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Whitdel Arts

Patrick Maguire with his floor

Patrick Maguire with his floor installation at Whitdel in July 2012.

1111 Bellevue
Detroit MI 48207

1250 Hubbard, Suite B1, #112
Detroit MI 48209

Gallery hours are on Saturdays from 12 p.m. to 3 p.m. Opening receptions are typically on Fridays from 7 p.m. to 10 p.m.

The gallery was located in the Whitdel Apartments building, rent-free from Southwest Solutions. In addition to the main space it had an Emerging Artists space.

On February 15, 2014, a racist gallery assistant treated one of the artists in the exhibition at the time in a racist manner. But that's not what caused the expulsion of Whitdel Arts in 2016.

In 2014, the gallery's board refused to disavow the racist gallery assistant. Worse, the board attempted to intimidate the artist into silence with threats, some less veiled than others.

The racist gallery assistant sounded the racist dog whistle of safety, and the board compounded the problem by continuing to frame the issue as one of safety instead of the real issue: an artist exhibiting in a gallery deserves respect in that gallery, regardless of his race.

This incident could have been defused immediately with a real apology and real corrective action (firing the racist gallery assistant). Instead, there was half an apology after the artist suggested to Southwest Solutions that the Whitdel Arts board should pay rent to Southwest Solutions for the use of the space.

The racist gallery assistant was a volunteer. But you can always cut loose volunteers who are doing something they're not supposed to do. The racist gallery assistant's racist behavior would not have been tolerated for long at the DIA, for example.

With hindsight, we can see that the 2014 incident with the racist gallery assistant was just another in a long stream of incidents reported to Southwest Solutions, and that Southwest Solutions, tired of the complaints, ended their generosity to Whitdel Arts in 2016. Quite likely complaints about the Crotch show finally convinced Southwest Solutions to cut Whitdel Arts loose.

Understandably, Southwest Solutions did not want the issue to be framed as one of censorship. People are quick to unthinkingly side with artists in cases of censorship. But here's the thing: freedom of expression of anything is all fine and good, until someone else's distasteful freedom of expression happens on your dime.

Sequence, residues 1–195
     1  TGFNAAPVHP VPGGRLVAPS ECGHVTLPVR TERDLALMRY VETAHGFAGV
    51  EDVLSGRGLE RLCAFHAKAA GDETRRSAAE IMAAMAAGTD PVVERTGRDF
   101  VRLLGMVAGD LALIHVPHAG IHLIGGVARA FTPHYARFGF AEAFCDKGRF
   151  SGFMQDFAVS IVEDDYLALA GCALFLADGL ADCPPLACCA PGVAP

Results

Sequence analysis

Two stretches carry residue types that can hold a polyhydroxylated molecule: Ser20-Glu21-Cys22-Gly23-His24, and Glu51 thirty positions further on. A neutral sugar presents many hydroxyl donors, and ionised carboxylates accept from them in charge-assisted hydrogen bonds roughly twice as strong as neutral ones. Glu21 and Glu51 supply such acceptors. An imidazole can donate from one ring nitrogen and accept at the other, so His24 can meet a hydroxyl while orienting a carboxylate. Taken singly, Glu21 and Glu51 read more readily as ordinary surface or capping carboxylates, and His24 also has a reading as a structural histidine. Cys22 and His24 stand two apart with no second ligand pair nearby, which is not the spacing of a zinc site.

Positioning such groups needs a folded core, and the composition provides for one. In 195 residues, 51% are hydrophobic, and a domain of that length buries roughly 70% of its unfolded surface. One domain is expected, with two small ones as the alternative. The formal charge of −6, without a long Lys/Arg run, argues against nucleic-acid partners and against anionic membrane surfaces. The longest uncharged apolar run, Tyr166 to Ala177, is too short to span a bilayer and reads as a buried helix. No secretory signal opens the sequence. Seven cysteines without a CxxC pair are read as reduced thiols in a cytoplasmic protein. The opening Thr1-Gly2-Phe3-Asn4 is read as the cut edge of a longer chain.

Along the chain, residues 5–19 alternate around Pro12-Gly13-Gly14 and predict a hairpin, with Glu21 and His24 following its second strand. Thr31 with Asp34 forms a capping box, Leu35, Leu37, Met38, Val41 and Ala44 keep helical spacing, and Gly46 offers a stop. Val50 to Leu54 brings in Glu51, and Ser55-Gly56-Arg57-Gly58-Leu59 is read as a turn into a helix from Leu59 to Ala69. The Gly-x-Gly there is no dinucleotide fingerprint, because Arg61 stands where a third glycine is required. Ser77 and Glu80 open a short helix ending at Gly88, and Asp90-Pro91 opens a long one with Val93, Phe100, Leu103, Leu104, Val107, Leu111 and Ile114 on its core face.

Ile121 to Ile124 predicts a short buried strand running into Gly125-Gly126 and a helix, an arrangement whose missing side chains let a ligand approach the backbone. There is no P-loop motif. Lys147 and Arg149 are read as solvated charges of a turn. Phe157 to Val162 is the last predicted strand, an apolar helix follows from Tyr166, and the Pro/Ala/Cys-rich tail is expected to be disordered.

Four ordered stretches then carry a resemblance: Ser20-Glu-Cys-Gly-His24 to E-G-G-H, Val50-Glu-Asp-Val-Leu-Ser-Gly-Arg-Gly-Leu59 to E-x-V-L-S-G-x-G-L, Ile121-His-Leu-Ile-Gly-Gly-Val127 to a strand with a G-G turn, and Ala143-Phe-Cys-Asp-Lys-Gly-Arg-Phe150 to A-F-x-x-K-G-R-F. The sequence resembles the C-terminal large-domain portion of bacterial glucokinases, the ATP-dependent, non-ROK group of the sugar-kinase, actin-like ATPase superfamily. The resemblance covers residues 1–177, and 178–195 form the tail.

The early history of Whitdel Arts is rather nebulous. It seems that in 2009, Southwest Solutions had an understanding with some artists in the neighborhood, but nothing on paper. Attempts to formalize the arrangement seem to have begun with Aaron Timlin talking to Steven Gabrys of Southwest Solutions.

Thus Whitdel Arts was organized as a division of the Contemporary Art Institute of Detroit (CAID). But over time, Timlin handed over operations to a board consisting almost entirely of young white women. Not surprisingly, almost only young white artists exhibited at Whitdel from 2011 forward.

There wouldn't be anything wrong with that if Whitdel Arts had been paying rent and utilities. But Southwest Solutions wasn't charging rent, and was paying for the utilities (water and energy, but no phone or Internet).

In return for this generosity, Southwest Solutions wanted Whitdel Arts to fulfill some sort of community mission. Does anyone even remember what Whitdel's community mission was supposed to be?

Starting in May 2014, Whitdel Arts made various half-hearted attempts to increase diversity in the board and in the staff; this was in response to pressure from Southwest Solutions. But in the end, Whitdel still lacked diversity where it really counts for an art gallery getting free rent in the Mexicantown of a predominantly black city: in the exhibiting artists.

This needs to be perfectly clear: Whitdel Arts was not paying rent, and Southwest Solutions was paying for some of the utilities. It seems that the only utility Whitdel Arts was paying for was the website. This was probably funded in part from donations and in part from the various membership and jury fees that artists were charged to be considered for exhibition (and of course even the most reasonable membership and jury fees tend to draw predominantly white artists).